Skip to main content

Report: Investigation into Arafat's death to be revived

Though two separate investigations found that Arafat was not poisoned, questions have been raised about how the results were interpreted
PLO Chairman Yasser Arafat during a 1994 visit to Gaza after a 27 year absence (AFP)

A French investigation looking into the death of former Palestinian president Yasser Arafat is reportedly being revived, after the emergence of new information suggesting Arafat may indeed have been poisoned.

In December 2012, a French enquiry concluded that the Palestinian leader had not died of poisoning from polonium-210, as was suggested by an earlier Swiss finding.

The French conclusion was given credence by the results of a separate Russian enquiry announced in the same month, which also denied foul play in the death of Arafat.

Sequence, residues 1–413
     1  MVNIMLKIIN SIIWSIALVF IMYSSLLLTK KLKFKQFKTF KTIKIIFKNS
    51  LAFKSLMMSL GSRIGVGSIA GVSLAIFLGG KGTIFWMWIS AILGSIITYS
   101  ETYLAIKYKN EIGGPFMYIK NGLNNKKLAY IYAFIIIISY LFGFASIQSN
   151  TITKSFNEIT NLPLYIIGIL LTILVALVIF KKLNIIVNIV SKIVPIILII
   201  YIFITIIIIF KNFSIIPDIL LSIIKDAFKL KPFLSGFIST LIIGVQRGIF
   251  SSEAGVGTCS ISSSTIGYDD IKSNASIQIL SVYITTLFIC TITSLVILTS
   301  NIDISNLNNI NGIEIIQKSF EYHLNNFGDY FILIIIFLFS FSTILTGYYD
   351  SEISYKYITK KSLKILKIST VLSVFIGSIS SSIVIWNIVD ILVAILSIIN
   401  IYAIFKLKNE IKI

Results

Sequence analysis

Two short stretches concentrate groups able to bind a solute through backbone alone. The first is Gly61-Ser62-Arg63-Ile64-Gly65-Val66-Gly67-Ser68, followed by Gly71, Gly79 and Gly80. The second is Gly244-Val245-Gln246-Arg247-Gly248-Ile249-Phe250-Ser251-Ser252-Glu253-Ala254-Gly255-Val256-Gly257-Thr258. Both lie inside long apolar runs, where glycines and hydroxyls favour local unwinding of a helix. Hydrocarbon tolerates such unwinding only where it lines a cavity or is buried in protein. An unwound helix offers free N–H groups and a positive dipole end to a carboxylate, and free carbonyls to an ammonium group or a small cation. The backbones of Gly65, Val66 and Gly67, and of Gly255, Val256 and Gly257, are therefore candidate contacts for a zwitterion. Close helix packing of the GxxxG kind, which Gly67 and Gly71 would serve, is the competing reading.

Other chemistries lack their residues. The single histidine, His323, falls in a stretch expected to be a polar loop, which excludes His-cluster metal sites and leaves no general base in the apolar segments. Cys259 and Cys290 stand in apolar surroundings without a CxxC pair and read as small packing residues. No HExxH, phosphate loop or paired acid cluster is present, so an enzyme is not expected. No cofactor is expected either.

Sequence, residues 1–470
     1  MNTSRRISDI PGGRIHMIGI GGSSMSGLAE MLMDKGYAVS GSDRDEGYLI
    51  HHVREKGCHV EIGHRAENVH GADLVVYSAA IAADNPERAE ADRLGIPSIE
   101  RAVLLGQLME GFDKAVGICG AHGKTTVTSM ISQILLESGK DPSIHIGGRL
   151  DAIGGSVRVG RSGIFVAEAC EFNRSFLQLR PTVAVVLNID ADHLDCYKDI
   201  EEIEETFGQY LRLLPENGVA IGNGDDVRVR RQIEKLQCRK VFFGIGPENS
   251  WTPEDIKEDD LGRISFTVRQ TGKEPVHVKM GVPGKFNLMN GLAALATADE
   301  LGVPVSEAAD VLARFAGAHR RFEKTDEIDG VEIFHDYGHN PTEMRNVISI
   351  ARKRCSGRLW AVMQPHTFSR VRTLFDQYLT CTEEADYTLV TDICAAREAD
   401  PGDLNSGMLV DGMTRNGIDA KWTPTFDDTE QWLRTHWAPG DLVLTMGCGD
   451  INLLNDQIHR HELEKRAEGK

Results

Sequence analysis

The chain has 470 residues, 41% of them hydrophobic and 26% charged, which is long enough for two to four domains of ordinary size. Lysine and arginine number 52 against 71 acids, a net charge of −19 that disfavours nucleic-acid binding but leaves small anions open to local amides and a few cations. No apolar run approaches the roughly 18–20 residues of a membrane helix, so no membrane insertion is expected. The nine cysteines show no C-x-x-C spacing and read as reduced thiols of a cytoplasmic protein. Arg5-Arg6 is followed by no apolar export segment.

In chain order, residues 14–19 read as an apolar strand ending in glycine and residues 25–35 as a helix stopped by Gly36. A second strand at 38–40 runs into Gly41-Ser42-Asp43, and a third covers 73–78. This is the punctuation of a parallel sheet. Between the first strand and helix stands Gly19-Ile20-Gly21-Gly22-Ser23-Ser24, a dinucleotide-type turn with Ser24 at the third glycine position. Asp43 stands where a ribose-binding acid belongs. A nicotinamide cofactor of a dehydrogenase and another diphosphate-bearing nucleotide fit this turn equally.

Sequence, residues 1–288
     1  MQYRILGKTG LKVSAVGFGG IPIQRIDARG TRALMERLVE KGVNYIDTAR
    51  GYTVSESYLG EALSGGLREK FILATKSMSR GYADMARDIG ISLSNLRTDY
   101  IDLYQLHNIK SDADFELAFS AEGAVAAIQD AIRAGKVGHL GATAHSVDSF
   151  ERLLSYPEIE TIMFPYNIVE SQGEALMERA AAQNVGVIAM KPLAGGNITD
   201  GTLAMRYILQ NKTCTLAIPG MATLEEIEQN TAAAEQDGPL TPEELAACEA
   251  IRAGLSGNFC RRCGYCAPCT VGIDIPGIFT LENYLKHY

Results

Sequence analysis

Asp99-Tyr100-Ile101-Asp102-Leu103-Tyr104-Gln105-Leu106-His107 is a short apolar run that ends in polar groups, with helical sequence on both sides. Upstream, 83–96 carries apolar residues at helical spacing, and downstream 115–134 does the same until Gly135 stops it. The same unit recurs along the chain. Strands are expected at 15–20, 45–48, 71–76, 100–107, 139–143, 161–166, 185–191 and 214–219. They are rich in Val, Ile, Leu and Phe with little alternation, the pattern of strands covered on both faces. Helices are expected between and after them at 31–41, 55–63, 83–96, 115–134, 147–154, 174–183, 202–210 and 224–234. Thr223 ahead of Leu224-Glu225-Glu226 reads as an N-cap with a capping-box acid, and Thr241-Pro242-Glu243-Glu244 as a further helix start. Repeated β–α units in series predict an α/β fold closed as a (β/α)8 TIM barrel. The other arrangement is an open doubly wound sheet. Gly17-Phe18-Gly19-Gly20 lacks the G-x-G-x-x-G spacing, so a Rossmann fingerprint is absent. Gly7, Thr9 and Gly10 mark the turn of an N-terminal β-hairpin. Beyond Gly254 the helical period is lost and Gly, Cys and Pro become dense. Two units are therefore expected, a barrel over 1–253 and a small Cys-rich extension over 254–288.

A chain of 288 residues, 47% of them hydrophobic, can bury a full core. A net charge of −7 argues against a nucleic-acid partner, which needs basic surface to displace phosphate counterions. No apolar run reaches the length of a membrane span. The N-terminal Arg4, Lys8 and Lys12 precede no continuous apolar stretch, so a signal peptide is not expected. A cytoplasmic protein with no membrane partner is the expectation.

However, doubts were cast on the objectivity of the Russian enquiry, which was alleged to be determined politically and not based on scientific evidence.

The Palestinian president died in a hospital in France in November 2004, after being transferred from the city of Ramallah in the occupied West Bank.

Palestinian officials accuse Israel of masterminding what they say was an assassination of their president, a charge denied by Tel Aviv.

However, the charge came to public attention again when Swiss scientists explained in a recent article in the Swiss magazine Le Temps that that the differences between the three enquires – Swiss, French and Russian – were not in their results but rather in their interpretations of the results.

The Swiss have argued in detail that their investigation has been the most thorough out of the three, prompting a rethink from the French side, which has now reopened its own investigation.

The latest development comes amid reports alleging that a 'top secret' memo written by the Israeli intelligence in 2000 concluded that the "disappearance" Arafat would be beneficial to Israel.